2012 Superstorm Sandy

2012 Superstorm Sandy

On October 29th, 2012, Superstorm Sandy, a massive Category 3 Atlantic hurricane heading north, took a dramatic left turn and made landfall just south of Long Beach Island, bringing devastation to the coastal communities from LBI to New York City and beyond. With three successive full-moon high tides, the storm surge and the northeast wind brought flood surges that caused major damage to 90% of the homes in Brant Beach. Most homeowners had heeded the mandatory evacuation orders, but some essential employees and recalcitrant residents remained.

Most Brant Beach homes were two-story ground-level capes rather than the reverse-living floorplans common today. The first floors of many of these older homes, containing their kitchens, living rooms, and utilities, were destroyed. Those spared were mainly oceanfront and some oceanside homes from 31st to 57th Street, which benefited from a recent beach replenishment.

For two weeks, the bridge was closed to most traffic while the roads were plowed, gas lines were shut off, and houses were searched for fatalities. Long Beach Boulevard was impassable due to piles of sand and debris. When owners and residents were allowed to return by showing their township-issued placards at the entrance to the Causeway, they quickly piled their soaked furniture, carpet and appliances at the curb. Trash trucks hauled it all to the Acme parking lot, which became the staging ground for mountains of debris. The Acme had received several feet of water inside and was closed.

The Red Cross offered free coffee and meals. The Dutchman’s Brauhaus and Beach Haven Terrace’s California Grill, both spared, were the first restaurants to reopen to the dazed community, offering a few basic menu items. The Township prioritized displaced full-time residents when restoring water, gas and electricity.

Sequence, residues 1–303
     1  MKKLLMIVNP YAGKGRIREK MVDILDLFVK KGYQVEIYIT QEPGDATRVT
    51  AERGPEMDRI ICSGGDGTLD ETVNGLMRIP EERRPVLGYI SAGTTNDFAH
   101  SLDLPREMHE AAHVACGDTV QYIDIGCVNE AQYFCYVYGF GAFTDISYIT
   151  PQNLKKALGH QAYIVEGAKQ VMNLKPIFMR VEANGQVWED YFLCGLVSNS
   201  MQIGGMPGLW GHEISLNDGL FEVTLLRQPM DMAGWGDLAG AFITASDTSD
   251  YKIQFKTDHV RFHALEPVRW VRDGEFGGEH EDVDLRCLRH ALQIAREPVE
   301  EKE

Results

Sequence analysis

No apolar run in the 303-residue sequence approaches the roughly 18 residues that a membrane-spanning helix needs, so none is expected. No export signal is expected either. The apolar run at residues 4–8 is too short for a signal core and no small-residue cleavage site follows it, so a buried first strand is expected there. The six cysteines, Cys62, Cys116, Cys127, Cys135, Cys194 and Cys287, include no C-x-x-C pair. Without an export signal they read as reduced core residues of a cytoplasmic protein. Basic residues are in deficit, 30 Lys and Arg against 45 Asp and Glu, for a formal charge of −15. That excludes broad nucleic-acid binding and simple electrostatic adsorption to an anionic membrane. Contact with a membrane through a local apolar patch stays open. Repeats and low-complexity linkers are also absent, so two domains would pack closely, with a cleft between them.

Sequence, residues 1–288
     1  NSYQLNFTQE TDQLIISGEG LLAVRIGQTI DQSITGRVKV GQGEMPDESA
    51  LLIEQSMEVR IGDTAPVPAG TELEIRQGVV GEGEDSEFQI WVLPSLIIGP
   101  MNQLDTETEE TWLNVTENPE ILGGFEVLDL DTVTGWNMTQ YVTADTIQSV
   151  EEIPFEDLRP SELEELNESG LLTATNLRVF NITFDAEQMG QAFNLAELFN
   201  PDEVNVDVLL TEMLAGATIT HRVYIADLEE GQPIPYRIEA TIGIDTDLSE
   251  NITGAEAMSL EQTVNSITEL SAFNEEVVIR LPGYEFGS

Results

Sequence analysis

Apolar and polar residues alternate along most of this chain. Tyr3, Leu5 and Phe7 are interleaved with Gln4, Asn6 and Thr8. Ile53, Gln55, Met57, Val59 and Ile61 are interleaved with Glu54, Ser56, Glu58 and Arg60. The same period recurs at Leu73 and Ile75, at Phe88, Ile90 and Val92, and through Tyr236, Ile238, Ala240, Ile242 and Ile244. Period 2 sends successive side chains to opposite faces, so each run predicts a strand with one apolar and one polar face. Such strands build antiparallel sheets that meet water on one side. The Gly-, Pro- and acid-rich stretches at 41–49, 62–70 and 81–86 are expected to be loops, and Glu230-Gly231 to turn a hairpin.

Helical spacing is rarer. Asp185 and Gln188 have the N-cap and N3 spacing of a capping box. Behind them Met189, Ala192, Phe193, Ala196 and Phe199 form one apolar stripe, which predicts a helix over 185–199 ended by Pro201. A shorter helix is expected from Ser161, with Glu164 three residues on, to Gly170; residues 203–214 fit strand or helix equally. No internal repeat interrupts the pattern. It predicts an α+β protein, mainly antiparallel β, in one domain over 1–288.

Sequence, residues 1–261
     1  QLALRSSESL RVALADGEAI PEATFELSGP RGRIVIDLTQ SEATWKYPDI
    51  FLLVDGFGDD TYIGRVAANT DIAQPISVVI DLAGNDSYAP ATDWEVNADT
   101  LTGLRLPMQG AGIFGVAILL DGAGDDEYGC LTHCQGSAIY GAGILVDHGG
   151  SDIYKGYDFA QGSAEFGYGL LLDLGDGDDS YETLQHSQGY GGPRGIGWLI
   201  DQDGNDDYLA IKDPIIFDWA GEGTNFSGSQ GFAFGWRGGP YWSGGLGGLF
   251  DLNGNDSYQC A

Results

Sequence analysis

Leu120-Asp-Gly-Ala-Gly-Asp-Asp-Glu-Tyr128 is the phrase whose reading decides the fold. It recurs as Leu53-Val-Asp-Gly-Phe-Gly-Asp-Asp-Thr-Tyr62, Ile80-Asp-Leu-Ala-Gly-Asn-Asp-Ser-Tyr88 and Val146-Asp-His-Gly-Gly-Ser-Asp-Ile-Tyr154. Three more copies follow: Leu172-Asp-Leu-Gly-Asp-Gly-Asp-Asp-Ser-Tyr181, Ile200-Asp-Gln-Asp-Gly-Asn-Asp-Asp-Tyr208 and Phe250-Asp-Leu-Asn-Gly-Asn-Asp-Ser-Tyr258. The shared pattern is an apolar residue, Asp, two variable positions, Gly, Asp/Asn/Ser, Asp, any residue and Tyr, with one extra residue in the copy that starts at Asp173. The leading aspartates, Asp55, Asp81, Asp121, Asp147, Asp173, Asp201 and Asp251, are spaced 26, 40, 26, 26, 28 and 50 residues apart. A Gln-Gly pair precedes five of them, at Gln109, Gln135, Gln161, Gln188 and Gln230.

Technically, Sandy was not a hurricane when it made landfall, which helped homeowners whose insurance policies excluded hurricane damage. But they still grappled with the distinctions in coverage between homeowners’ insurance and flood insurance. Many long-time owners who had paid off their mortgages did not have flood insurance at all and were unable to remediate.

Within a year or two, damaged homes were raised or razed, and the island rebounded. The telltale sign inside many buildings was new wainscoting halfway up the walls to cover the area where soaked wallboard had been removed.

Some storm-damaged houses were sold rather than renovated. This hastened a trend where homes that had been weekly rentals filled with large extended families were bought by new owners who kept the property for personal use. These families were often wealthier and would come down primarily on weekends rather than for the full season.

In addition, the percentage of New Yorkers increased, and Long Beach Island was no longer a bastion solely of Phillies, Eagles, Flyers, and Sixers fans.

Shops, restaurants, and entertainment venues as miniature golf courses noticed they had fewer customers on weekdays. Brant Beach businesses such as Dom’s Drive-in and the Colony Movie Theater were torn down and replaced by luxury houses, but still it seemed the total summer population was decreasing. Superstorm Sandy accelerated a change that was already underway.